Bomber of Paris's Mali embassy 'hates France': police
The man responsible for an explosion at the French embassy in Bamako is a 25-year-old Tunisian from a Saharan Al-Qaeda camp with a personal hatred for France, a police source said Thursday.
"He is a young man of 25 years, a Tunisian national. He has a personal hatred for France," the source close to the investigation told AFP.
The source said the man came from "a Katiba", a camp of Islamist fighters in the Sahara, but he did not seem to be an important member of the organisation.
The bombing late Wednesday appeared ill-prepared and the young man did not seem to be in control of the explosive.
In a statement on Wednesday evening, the Malian security ministry said: "A foreign individual exploded a gas cylinder in front of the French embassy in Bamako, lightly injuring two passers-by.
"The individual was armed with a pistol but could not use it. He is being interrogated by police," it said.
A security source said Wednesday evening the culprit was armed with an automatic pistol, a bomb and a grenade.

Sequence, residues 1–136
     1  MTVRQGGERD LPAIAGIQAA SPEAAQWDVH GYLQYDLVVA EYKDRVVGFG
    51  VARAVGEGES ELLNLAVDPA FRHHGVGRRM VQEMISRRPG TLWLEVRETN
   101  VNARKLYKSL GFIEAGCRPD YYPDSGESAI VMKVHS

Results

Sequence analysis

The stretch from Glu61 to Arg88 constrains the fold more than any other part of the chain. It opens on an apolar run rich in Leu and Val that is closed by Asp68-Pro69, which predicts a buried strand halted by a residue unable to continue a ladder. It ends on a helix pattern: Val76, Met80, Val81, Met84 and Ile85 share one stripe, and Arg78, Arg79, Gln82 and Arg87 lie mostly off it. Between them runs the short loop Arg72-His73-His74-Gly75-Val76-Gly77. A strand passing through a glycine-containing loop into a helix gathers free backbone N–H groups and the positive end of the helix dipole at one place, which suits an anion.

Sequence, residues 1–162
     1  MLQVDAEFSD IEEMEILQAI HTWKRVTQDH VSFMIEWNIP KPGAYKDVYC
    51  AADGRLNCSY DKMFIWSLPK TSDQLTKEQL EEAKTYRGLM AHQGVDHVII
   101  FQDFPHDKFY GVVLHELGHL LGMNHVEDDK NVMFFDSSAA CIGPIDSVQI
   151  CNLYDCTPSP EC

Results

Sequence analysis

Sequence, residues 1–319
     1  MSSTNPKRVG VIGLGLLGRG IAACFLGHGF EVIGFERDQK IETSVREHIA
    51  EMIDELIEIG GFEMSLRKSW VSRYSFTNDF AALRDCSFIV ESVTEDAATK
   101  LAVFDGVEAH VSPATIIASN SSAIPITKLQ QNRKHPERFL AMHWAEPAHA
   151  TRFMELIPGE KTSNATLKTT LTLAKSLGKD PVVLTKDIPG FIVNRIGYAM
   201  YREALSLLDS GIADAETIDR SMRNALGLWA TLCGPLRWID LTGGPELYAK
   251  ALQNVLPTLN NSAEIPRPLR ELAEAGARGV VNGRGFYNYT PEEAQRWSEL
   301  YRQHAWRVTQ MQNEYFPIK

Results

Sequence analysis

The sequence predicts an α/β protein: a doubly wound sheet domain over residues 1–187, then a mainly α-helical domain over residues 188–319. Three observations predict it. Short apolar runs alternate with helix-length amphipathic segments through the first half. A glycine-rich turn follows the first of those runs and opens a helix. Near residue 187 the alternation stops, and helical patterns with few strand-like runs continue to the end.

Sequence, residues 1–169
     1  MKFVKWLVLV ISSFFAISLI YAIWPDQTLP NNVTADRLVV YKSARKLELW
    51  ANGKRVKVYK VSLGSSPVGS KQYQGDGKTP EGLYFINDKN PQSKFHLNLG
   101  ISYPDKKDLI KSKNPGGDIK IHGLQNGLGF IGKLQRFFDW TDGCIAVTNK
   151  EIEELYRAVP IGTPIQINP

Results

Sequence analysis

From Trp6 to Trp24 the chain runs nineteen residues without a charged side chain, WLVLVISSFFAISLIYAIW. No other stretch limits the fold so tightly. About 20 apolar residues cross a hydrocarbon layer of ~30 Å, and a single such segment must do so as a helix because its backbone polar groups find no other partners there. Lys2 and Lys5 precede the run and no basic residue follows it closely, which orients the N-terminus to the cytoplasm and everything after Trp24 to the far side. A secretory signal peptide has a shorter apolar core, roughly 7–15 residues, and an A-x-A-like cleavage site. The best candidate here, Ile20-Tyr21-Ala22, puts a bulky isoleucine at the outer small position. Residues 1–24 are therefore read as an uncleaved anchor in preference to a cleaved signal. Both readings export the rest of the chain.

"I was there, the gas cylinder did not explode, it is the grenade which exploded," a witness told AFP on condition of anonymity. Witnesses also reported the man fired several shots at the entrance of the embassy.
This is the first time Al-Qaeda has been blamed for an attack in Bamako.
In August 2009 a young Mauritanian carried out a suicide bombing near the French embassy in Nouakchott which was claimed by Al-Qaeda in the Islamic Maghreb (AQIM), injuring two French gendarmes and a Mauritanian bystander.
AQIM has designated France as a target after a Franco-Mauritanian operation last July 22 against an Al-Qaeda base in Mali aimed at freeing a French hostage, Michel Germaneau, 78.
The operation failed and AQIM later announced it had killed the hostage.
The French embassy gave no information on the attack at its door, but the French school, which remained closed on Thursday, said it would re-open on Monday.
"This attack ... is a reminder of the real threats weighing on French interests and citizens in the Sahel-Saharan zone, a spokeswoman for the French foreign ministry, Christine Fages, said in Paris on Thursday.
An investigation is under way," she added, refusing to give details on whether the explosion was related to the case of French hostages currently being held in north-eastern Mali.
AQIM is currently holding five French nationals, a Togolese and a Malagasy who were kidnapped in September at Arlit, a strategic mining site of French nuclear giant Areva in north Niger.
The explosion in Bamako came on the eve of the annual "Festival in the Desert" which starts Thursday in Timbuktu, with assurances of tight security from authorities who are expecting scores of tourists to attend.
© 2011 AFP